The previous post presented some of the varied uses of the term ‘real’ with respect to pictorial images. In this post I would like to focus particularly on the use of this term as a way of describing the technique by which an image was produced. In that sense, the term ‘real’ is often used to denote a pictorial image which was made with the technique of photography, as opposed to one which was made with some form of ‘special effects’– or in more recent times, by using computer graphic programs. In this context, then, to say that something in a pictorial image is real would be to say that we assume that the image is a photograph, and that there indeed was a corresponding physical object in front of the camera when that photo was taken.

Such an approach towards pictorial images seemed to work fine for many years since the techniques of making them could usually be quite easily discerned. As CG technology is improving, however, it is becoming increasingly difficult to truly figure out how an image was made, and the irrelevance of this notion of what’s real is becoming ever more obvious.

The approach of The Virtual Space Theory in this matter is that regardless of how a pictorial image might have been produced, what we see in it has its own independent existence as a virtual place in virtual space. In other words, it considers it to be irrelevant whether what we see in a pictorial image indicates what was in front of the camera, or whether it was achieved through some cinematic trick. Instead, The Virtual Space Theory focuses the discussion on the virtual place which has been created as a result.

The recent release of the film Avatar (James Cameron, 2009) makes this point perfectly evident. In this film Cameron created a virtual world called ‘Pandora’, complete with richly detailed landscapes, vegetation, and life-forms. When watching it there is no way you could distinguish the line between what was physically present in the studio and what was generated using computer graphics. They completely blend together in the creation of a continuous and consistent virtual world. The following video is a documentary-like presentation of that world:

The visual achievements of Avatar clearly demonstrate many of the principles of The Virtual Space Theory, as well as emphasize the irrelevance of trying to decipher how an image was made. James Cameron himself actually explains these issues very clearly in the following interview (starting at 00:37):

Filming ‘On Location’, Different Results

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One of the most common techniques for producing a virtual place for the medium of film is to shoot the film in an already existing physical place. In cinematic terminology, this is called filming ‘on location’. If we follow The Virtual Space Theory’s principle of distinguishing phenomena from techniques, however, we will discover that knowing where the camera was rolling does not necessarily tell us much about the nature of the virtual place which was created as a result.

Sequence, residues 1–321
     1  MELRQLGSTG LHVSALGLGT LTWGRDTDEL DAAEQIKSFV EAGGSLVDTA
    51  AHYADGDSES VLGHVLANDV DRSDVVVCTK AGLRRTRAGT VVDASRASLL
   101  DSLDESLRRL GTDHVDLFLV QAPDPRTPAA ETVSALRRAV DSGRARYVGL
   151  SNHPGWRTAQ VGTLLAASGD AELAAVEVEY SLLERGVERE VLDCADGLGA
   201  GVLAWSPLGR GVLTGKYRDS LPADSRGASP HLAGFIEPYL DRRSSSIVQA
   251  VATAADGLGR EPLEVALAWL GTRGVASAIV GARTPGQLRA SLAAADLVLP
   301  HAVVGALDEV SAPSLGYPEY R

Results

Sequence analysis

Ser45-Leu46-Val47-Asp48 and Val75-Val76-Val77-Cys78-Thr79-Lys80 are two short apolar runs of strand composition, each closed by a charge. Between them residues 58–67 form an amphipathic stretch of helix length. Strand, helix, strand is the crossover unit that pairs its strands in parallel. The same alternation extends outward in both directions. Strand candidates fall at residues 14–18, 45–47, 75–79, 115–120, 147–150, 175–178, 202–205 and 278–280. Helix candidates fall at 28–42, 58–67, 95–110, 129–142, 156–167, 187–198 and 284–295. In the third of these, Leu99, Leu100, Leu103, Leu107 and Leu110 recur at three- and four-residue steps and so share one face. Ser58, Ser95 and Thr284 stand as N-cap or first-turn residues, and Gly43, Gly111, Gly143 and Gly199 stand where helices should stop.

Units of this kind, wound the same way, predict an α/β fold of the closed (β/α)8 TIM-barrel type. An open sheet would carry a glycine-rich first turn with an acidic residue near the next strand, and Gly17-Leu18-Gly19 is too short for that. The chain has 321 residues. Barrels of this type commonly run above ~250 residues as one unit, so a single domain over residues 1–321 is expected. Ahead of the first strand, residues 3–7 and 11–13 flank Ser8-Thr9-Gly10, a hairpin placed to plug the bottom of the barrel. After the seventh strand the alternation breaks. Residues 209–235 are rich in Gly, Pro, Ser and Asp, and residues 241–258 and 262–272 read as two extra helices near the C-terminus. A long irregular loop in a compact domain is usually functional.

Let’s start with straightforward cases first. The music video for the song Style, which was mentioned in the previous post, was clearly filmed on location: One of its ways of conveying its rock-star style was indeed to film it in stylish places designed by contemporary star architects. Similarly, though with a completely different attitude, the film Der Himmel über Berlin (or in its English-language title, Wings of Desire, Wim Wenders, 1987) was also filmed on location in the city of Berlin, before the fall of the wall. As mentioned in the book, the story of this film may be fictional, but the virtual place of the city of Berlin as presented in it clearly reflects the physical city in which it was shot, as it was at that time.

In sharp contrast, another film which was shot in the city of Berlin is the film Æon Flux (Karyn Kusama, 2005). Even though this film ended up disappointing many fans of Peter Chung’s original animated TV series which inspired it, the result nevertheless remains an interesting one from a design point of view. The story it tells takes place in ‘the last city’ in a post-apocalyptic Earth several centuries in the future. For the creation of this virtual place the filmmakers chose to film it mostly on location in a series of specifically selected sites in the city of Berlin. Yet when shown together in the film, it resulted in the creation of a virtual place that is not Berlin at all.

Some examples of filming locations which can be seen in this film trailer are the House of World Cultures by Hugh Stubbins Jr., the Spandau Lake Bridge by Walter A. Noebel, and the Mexican Embassy by Teodoro Gonzaléz de Léon and Francisco Serrano Cacho. A list of filming locations is available here.

Another example of a film which was shot on location yet resulted in a virtual world that is very different from the physical places in which it was made is the film The Fall (Tarsem, 2006). This film revolves around a story which is told by a man to a little girl, and what is shown in the film is the mental vision which the girl generates out of her storyteller’s words.

To create this virtual world, the filmmaker carefully selected numerous beautiful places from 28 countries all over the globe as his filming locations, which were then filmed over the course of 4 years. A list of these filming locations is available here. And yet, the way these places are presented together creates a separate virtual world of its own which is clearly distinct from our world and any of the physical locations it was actually filmed in.